To read the rest of my review visit The House Next Door at Slant Magazine.

Friday, February 19, 2010

"North Atlantic" at REDCAT

“North Atlantic,” the latest production from stalwart avant-garde troupe the Wooster Group, is a sexed up “Catch-22” that follows the travails of an international, Cold War-era peacekeeping force confined to an aircraft carrier while on a classified mission in the North Atlantic. James Strahs wrote the piece for the company way back in 1982 and it's now being revived not to draw any modern political parallels, but because, well, according to highly practical director Elizabeth LeCompte during a Q&A after the show I attended at the REDCAT theater in L.A., the play fits the space that's available for the NYC run. And Frances McDormand wanted to work with the group. While it's refreshing to hear a director candidly embrace limitations and ignore politics, it requires more than that to create great art.

To read the rest of my review visit The House Next Door at Slant Magazine.

Wednesday, February 17, 2010

Why Can’t A Woman Be More Like A Man?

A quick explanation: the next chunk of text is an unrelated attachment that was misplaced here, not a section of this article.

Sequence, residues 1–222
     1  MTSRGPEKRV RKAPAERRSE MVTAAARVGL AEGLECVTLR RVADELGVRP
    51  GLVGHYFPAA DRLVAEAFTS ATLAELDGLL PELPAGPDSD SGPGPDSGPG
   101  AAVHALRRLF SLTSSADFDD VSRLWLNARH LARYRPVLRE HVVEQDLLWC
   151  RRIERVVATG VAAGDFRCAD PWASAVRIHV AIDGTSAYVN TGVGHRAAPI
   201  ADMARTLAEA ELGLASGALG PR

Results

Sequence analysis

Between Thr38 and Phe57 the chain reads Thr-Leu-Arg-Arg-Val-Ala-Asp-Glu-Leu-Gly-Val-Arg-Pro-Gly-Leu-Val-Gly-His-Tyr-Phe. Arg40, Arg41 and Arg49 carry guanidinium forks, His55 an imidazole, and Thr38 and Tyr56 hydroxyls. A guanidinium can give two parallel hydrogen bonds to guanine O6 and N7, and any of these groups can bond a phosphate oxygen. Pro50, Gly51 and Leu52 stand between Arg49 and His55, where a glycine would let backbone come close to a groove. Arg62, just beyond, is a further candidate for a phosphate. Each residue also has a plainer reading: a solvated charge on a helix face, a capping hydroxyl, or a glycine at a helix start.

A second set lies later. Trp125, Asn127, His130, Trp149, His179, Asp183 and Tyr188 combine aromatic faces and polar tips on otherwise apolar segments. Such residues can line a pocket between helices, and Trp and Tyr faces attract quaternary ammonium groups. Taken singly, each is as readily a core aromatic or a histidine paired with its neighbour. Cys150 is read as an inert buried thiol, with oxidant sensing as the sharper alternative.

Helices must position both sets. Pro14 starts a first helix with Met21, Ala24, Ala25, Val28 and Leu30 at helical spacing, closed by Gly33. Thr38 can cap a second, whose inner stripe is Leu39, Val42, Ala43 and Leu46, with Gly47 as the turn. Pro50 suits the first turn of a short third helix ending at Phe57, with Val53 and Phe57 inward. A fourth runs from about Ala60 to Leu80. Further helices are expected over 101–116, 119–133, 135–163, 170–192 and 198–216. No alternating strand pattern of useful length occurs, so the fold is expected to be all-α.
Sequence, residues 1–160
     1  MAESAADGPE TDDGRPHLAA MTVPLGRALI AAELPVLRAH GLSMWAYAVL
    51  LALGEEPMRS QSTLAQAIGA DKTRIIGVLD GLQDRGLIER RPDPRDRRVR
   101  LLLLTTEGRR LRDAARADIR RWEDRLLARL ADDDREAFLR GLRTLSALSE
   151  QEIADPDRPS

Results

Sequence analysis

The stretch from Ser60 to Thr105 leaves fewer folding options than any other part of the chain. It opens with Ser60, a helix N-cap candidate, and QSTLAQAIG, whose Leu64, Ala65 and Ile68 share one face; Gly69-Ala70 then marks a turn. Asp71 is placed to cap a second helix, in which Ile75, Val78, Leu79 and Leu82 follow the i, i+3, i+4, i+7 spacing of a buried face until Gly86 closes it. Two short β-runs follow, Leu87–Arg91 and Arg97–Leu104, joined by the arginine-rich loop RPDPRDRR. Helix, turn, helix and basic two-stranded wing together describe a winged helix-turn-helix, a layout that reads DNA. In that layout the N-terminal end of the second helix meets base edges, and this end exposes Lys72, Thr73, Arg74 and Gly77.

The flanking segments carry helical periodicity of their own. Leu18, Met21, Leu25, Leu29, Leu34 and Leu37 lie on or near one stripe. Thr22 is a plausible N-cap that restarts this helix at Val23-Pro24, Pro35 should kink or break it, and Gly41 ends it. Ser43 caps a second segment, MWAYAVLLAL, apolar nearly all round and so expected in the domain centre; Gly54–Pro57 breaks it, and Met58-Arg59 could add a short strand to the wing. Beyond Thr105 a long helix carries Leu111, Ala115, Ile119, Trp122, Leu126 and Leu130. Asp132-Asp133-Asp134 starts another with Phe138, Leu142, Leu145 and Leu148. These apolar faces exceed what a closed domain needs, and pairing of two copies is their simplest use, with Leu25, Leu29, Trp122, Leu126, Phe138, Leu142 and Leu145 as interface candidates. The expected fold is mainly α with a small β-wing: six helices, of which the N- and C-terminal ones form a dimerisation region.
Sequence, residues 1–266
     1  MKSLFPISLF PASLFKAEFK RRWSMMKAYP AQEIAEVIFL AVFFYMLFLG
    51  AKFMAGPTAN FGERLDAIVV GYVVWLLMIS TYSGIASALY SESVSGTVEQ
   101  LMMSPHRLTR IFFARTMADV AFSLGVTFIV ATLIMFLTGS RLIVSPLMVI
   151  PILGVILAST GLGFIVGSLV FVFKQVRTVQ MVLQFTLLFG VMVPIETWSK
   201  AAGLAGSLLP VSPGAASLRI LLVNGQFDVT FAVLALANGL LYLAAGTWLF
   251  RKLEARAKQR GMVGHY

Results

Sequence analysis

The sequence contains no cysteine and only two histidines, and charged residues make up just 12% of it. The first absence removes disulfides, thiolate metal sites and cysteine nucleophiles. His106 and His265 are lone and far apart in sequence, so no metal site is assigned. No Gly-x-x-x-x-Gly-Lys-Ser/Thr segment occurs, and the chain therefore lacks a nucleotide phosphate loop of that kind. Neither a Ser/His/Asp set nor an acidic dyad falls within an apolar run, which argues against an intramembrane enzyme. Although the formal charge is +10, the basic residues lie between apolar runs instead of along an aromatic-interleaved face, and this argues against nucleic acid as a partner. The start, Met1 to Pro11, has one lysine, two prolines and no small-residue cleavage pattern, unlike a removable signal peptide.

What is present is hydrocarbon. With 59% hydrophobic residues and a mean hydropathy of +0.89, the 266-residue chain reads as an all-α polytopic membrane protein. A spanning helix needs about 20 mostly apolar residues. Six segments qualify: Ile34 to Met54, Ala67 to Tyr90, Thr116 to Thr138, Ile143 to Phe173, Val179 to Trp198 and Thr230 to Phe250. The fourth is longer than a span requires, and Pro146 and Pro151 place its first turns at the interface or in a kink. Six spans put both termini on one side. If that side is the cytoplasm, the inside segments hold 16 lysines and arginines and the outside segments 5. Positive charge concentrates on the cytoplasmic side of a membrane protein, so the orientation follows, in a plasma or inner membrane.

As a freelance critic who is one of the few female voices at many of the sites I write for I found “NY Times” bigwig film critic Manohla Dargis’s run-up to the Oscars rant at Jezebel (see "Fuck Them": Times Critic On Hollywood, Women, & Why Romantic Comedies Suck, a follow up to her more staid “Times” lament Women in the Seats but Not Behind the Camera on the dearth of female directors in Hollywood) delightfully ballsy. For how often do you hear Grey Lady journalists explain why romantic comedies are so cringe worthy in the following terms?

“One, the people making them have no fucking taste, two, they're morons, three they're insulting panderers who think they're making movies for the great unwashed and that's what they want. I love romantic movies. I absolutely do. But I literally don't know what's happening. I think it's depressing that Judd Apatow makes the best romantic comedies and they're about men.”